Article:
Sunday, August 28, 2016
I thought my heart couldn’t beat any faster than when it was in your hands
I thought my heart couldn’t break any more than when it was in your hands
I feared, was it a mistake?
We have journeyed, and labored, and fought
We have made up the miles
I thought my heart couldn’t beat anymore than you took it in your hands
I need your passion, your touch
Could I breathe without you?
Yes, with labored breathe, skimming the shallow depths of my chest
You saved, you fought, and you changed
I love you and you love me
My heart, my soul, my being belongs to you
Now, I learn, we have two truths
Wednesday, August 24, 2016
|my mother on the day of our mine and my husband's vow renewal|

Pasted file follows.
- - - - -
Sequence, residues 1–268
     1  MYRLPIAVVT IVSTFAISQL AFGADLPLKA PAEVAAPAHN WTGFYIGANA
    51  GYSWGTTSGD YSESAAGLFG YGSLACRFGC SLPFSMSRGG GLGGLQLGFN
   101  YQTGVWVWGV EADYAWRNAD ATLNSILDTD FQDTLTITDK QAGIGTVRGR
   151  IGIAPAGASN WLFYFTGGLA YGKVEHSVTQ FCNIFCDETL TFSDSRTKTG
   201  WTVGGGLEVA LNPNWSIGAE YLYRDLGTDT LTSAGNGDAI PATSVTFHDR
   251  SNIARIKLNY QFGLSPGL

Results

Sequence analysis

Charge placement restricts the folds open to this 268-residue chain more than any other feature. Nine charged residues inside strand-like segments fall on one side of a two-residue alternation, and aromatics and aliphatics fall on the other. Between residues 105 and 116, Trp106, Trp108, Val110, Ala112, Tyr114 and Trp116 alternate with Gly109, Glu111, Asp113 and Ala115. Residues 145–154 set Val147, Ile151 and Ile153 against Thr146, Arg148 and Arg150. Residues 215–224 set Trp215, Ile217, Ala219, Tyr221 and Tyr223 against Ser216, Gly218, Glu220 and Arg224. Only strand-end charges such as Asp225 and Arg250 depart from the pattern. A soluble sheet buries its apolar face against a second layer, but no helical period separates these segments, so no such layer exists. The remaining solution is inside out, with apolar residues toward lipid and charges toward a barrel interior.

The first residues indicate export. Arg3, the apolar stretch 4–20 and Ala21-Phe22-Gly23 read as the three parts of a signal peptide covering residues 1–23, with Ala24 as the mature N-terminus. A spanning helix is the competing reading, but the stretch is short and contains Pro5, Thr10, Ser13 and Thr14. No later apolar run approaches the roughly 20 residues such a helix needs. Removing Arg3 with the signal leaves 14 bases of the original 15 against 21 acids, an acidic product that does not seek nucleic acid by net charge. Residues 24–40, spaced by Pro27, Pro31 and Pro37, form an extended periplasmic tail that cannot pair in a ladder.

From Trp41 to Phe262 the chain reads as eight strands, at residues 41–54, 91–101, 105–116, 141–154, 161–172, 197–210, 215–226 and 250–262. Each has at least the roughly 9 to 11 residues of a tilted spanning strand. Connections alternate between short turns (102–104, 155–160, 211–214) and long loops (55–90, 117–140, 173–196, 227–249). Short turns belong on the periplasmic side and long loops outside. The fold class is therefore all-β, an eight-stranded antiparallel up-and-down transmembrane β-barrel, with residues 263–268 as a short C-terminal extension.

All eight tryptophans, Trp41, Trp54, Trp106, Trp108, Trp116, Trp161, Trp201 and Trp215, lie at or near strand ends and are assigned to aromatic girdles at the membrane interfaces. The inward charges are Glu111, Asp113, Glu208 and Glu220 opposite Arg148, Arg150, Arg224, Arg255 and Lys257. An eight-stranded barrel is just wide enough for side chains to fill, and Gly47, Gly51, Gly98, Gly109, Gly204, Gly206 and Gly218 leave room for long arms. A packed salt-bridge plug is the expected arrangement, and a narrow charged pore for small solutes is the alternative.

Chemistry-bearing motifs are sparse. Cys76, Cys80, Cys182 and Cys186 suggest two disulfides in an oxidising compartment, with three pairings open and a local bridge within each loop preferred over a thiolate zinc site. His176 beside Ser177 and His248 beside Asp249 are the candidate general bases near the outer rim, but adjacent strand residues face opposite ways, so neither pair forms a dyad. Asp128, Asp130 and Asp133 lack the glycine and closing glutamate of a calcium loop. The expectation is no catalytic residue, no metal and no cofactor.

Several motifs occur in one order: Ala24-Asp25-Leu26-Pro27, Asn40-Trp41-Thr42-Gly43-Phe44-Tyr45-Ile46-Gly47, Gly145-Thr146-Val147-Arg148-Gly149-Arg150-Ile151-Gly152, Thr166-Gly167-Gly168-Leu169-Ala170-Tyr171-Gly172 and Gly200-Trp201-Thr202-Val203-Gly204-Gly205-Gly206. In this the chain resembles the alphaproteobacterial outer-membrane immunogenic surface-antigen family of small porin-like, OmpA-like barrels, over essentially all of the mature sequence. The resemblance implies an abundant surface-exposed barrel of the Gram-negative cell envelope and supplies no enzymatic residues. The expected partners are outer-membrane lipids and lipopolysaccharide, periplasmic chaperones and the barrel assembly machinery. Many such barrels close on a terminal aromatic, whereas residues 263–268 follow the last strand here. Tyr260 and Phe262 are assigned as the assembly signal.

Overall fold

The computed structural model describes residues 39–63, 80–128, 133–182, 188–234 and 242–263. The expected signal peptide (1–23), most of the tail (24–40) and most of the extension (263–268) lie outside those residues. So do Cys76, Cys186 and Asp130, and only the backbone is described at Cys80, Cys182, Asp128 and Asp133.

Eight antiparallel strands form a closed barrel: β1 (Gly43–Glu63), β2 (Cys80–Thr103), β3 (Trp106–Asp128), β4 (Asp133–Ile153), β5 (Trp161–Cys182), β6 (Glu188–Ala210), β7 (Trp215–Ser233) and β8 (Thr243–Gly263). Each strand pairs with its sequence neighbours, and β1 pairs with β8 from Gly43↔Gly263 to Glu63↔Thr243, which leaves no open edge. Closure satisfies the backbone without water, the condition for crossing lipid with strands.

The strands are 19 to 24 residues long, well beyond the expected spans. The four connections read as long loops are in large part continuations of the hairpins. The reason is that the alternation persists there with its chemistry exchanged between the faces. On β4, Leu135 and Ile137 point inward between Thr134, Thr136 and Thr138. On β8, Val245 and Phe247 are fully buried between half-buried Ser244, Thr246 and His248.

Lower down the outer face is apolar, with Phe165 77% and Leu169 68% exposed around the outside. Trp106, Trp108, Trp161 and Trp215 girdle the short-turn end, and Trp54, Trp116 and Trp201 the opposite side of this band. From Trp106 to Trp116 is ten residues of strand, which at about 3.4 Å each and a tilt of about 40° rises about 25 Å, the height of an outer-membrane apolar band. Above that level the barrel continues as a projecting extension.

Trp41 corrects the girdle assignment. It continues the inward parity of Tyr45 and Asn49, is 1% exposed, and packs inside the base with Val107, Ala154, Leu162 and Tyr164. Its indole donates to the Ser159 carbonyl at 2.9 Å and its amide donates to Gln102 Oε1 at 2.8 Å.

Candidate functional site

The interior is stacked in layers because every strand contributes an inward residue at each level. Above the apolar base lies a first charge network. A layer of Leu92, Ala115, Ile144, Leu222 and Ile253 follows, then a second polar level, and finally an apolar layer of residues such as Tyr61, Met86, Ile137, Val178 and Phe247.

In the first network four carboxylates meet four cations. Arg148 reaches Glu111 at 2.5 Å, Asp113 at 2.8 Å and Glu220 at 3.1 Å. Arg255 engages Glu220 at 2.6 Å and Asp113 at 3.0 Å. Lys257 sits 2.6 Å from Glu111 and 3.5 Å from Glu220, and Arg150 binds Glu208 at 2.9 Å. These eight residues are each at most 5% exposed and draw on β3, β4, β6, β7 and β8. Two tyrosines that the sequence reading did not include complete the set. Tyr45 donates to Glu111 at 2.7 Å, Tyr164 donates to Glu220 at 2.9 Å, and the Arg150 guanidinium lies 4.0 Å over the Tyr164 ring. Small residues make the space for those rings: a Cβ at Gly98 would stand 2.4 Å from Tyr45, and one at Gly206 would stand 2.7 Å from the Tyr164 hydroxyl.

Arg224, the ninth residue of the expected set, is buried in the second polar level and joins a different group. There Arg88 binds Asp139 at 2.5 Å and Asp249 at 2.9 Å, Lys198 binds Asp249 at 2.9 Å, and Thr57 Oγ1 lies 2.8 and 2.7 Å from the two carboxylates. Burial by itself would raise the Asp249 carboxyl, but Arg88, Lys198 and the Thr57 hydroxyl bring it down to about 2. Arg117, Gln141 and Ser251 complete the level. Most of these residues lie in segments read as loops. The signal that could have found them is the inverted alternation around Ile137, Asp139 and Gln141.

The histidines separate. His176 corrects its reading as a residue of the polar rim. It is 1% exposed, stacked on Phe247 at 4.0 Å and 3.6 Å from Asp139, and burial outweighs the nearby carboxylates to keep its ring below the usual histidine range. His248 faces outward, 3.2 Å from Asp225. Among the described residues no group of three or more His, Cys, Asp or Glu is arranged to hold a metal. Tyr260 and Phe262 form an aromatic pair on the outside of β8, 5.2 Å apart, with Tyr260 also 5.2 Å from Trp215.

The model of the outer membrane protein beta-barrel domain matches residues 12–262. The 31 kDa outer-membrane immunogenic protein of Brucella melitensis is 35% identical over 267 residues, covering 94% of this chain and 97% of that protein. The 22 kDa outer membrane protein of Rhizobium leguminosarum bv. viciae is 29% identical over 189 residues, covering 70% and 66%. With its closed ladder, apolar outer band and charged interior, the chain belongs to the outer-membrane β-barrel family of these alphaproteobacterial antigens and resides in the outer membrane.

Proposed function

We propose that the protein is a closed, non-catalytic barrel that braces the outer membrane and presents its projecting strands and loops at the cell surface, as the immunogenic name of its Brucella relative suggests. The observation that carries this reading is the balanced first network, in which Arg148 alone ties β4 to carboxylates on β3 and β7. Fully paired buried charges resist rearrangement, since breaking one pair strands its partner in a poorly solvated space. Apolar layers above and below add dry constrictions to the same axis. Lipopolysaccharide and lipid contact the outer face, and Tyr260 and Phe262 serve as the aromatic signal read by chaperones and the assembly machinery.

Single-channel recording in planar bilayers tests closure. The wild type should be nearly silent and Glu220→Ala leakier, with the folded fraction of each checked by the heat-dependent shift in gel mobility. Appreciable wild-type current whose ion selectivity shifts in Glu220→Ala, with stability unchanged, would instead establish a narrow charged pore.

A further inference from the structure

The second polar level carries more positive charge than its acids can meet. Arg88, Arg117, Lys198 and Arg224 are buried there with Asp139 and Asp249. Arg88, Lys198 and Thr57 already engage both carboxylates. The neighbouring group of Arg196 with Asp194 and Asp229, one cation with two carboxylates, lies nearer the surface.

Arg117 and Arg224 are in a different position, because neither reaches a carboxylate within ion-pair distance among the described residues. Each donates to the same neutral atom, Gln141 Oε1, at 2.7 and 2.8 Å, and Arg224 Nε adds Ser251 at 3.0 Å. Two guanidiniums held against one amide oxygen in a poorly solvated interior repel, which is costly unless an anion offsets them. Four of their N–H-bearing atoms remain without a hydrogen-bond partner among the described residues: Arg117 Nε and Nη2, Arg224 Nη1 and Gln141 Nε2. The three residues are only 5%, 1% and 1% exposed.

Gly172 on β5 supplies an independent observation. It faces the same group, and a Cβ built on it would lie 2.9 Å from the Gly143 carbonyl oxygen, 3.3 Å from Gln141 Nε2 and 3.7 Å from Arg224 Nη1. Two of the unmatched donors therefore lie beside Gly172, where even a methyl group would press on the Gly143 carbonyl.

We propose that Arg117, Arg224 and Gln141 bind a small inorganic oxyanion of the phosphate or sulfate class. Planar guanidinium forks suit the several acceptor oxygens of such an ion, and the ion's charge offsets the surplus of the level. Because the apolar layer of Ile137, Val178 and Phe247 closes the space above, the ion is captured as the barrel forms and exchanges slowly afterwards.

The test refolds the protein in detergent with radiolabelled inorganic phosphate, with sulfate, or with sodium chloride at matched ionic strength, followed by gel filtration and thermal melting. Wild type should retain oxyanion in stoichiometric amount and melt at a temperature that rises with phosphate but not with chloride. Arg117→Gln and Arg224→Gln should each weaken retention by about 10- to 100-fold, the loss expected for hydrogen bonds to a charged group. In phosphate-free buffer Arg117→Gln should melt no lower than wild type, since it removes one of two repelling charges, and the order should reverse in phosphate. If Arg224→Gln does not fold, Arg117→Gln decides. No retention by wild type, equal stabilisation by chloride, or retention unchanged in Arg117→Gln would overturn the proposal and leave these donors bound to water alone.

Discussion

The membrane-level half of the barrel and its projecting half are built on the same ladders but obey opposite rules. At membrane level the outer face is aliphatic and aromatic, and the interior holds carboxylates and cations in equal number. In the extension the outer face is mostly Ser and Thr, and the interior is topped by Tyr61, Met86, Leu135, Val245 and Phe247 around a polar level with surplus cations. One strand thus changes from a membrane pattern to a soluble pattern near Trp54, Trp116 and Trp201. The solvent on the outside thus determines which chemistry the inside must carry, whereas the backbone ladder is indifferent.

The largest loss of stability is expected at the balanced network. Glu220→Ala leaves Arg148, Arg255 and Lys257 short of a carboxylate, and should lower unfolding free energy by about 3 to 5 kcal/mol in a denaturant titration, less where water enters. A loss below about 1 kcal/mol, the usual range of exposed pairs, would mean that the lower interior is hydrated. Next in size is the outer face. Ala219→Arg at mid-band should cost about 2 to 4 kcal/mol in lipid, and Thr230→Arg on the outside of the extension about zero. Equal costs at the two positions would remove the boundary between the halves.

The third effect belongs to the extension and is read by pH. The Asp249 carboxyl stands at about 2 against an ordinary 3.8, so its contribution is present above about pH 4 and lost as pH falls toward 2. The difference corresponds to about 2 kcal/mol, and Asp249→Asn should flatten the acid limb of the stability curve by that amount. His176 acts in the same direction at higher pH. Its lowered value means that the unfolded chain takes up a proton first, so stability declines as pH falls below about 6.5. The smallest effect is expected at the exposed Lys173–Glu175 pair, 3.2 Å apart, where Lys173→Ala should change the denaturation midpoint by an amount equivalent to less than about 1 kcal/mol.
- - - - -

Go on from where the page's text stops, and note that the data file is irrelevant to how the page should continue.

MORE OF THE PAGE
The other day, my mother began to cry. I believe this was because she comprehends that she is becoming more and dependent on someone else. All I could do is look at her and tell her that I would be there for her through all of her disease, a disease that has struck my mother in her early fifties. Truth is, it tears me apart to see a once independent woman, the soul breadwinner of our home reduced to uncertainty and child like demeanor. Truth is I am saddened by the thought that there will come a time when my mother doesn’t recognize me. I am angered by the fact that this burden is on my husband and four children. I get frustrated with having to take two vehicles if we want to go someone as a family. It is no fun to deal with my mother’s unexplained sadness, tears, and hugs (which she never really did much of before). There are days when nothing gets me though the day, when nothing seems to get me though the moments of despair. It is easier to deal with the frustration because I remind myself that this is not my mother’s fault. Given the opportunity, she would buckle her own seatbelt in the car, she would handle her own doctor’s appointments, handle her own bills, and she would certainly dress herself. I know this journey is going to get darker, and I honestly do not believe I am ready for it, no matter how much I prepare. So, right now, I can honestly answer “how are you” in relation to my mother’s illness with “I am scared”. I am scared because I do not want to see my mother become more and more fragile, and I am sad that my children will not get to grow up with her as a grand mother (the woman who was once going to be their guardian). I am trying every single day to grab on to life with two hands and fight to stay on the ride. Most days I am successful and we have joy and laughter, and some days there are tears. Today just maybe one of those good days, time will only tell.